Colonial Industrial Quarter in Bethlehem, Pennsylvania. Photo Credit:

4. Pay respects at God’s Acre and enjoy an architectural stroll

On West Market Street, take a peaceful walk through God’s Acre, the city’s oldest cemetery. Flat plaques mark the final resting places of Moravian colonists, Indigenous Americans and Moravian-born Africans who died between 1742 and 1911. Nearby, the industrial Barons’ Residences are exquisite examples of 18th and 19th-century architecture. Take a self-guided walking tour on the Heritage Trail or book a Victorian Bethlehem tour for deeper insight into these homes.

God’s Acre, Bethlehem’s oldest cemetery. Photo Credit:

5. Centuries of style await at the Kemerer Museum of Decorative Arts

Only one of 15 museums in the United States dedicated exclusively to decorative arts, the Kemerer resides in three 19th-century homes and showcases Moravian style and designs across three centuries. Rotating exhibits, galleries and period rooms feature furniture, paintings, antique china, clothing and silver. Guests will also see one of the largest antique doll collections in the country. Take a moment to stroll through the garden, which features stainless steel sculptures and sustainable plants.

Kemerer Museum of Decorative Arts in Bethlehem, Pennsylvania. Photo Credit:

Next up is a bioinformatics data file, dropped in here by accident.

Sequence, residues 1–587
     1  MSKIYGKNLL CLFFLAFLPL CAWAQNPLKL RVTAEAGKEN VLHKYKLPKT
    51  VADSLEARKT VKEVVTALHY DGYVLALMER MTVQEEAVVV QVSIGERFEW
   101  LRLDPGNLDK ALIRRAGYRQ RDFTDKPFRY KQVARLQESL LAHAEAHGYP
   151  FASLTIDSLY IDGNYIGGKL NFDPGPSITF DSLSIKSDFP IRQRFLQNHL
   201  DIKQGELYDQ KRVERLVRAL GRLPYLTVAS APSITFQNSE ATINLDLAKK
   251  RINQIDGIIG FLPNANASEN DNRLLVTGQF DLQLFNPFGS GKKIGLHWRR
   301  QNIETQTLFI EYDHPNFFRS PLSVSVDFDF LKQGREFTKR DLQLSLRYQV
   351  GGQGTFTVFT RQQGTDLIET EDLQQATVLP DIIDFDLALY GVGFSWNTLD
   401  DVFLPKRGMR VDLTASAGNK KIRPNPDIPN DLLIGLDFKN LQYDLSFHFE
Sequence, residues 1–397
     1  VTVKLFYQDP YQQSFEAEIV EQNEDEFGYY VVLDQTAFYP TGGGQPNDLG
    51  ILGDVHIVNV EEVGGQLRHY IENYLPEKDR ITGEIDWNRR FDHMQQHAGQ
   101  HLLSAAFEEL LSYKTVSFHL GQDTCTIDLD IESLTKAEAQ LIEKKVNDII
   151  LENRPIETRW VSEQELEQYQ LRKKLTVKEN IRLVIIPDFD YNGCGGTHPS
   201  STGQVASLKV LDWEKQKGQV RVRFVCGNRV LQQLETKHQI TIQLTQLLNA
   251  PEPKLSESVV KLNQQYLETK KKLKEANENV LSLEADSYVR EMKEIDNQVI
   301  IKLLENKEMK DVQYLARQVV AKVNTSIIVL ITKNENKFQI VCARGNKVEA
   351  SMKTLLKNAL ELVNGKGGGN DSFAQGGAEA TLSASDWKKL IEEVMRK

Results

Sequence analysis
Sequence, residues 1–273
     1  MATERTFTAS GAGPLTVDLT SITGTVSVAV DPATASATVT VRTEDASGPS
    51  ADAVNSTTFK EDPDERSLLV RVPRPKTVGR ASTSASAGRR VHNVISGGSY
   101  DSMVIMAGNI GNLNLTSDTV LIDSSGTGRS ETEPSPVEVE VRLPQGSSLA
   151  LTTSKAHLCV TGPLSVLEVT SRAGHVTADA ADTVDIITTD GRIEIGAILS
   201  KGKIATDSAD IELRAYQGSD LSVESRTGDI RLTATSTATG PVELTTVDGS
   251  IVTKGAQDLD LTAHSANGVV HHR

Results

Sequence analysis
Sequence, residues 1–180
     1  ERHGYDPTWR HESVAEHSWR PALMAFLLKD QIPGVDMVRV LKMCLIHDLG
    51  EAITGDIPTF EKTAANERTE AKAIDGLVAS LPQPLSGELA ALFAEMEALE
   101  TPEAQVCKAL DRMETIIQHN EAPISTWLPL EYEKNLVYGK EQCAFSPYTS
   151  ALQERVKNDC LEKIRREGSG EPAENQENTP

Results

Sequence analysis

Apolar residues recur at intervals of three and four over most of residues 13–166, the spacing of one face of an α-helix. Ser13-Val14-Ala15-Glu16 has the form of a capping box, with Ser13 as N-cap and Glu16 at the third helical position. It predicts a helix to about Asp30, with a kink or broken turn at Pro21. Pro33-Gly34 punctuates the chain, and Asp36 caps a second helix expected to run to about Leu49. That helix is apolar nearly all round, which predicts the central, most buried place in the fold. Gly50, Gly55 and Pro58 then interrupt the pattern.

6. Shop ‘til You Drop on Main Street in the Historic District 

Considered one of the best Main Streets in the USA, the Historic District’s Main Street is home to dozens of boutiques, from ladies’ fashion to decorative hardware, antiques and even holiday decorations. Browse the Bethlehem House Gallery, grab a snack at Clusters Handcrafted Popcorn and step back in time at Grandpa Joe’s Candy Shop. Love chocolate? The Chocolate Lab has you covered with dipped pretzels, fudge and other handmade confections.

Main Street in Bethlehem’s Historic District. Photo Credit:

7. Dine at the Historic District’s Specialty Restaurants

You’re bound to work up an appetite after exploring Historic Bethlehem, and the specialty restaurants in the Historic District will satisfy any craving. Whether you’re in the mood for a cold pint at a pub, flavorful Mexican cuisine, or classic diner food, Main Street is the place to be. Check out local favorites like McCarthy’s Red Stag Pub & Whiskey Bar, which serves to-die-for Scottish and Irish specialties – bangers and mash, anyone? Or go to Tapas on Main for delicious Spanish-style shared plates, like garlic shrimp and salmon tartare.

The Sun Inn is one of the Historic District’s specialty restaurants. Photo Credit:

8. Relax and recharge at Historic Hotel Bethlehem

There’s no better place for a good night’s rest than the Historic Hotel Bethlehem, named the Best Historic Hotel in America by USA Today in 2021 and 2022. The site once featured the First House of Bethlehem, built in 1741, and later the Moravian-owned Eagle Hotel, established in 1794. Historic Hotel Bethlehem has hosted world leaders such as Winton Churchill and John F. Kennedy for over 100 years since its opening in 1922. Take a self-guided tour of the hotel’s Hall of History. See photos and memorabilia from the hotel’s early days and gorgeous murals from 1936 crafted by George Gray, a painter specializing in historical figures and military scenes.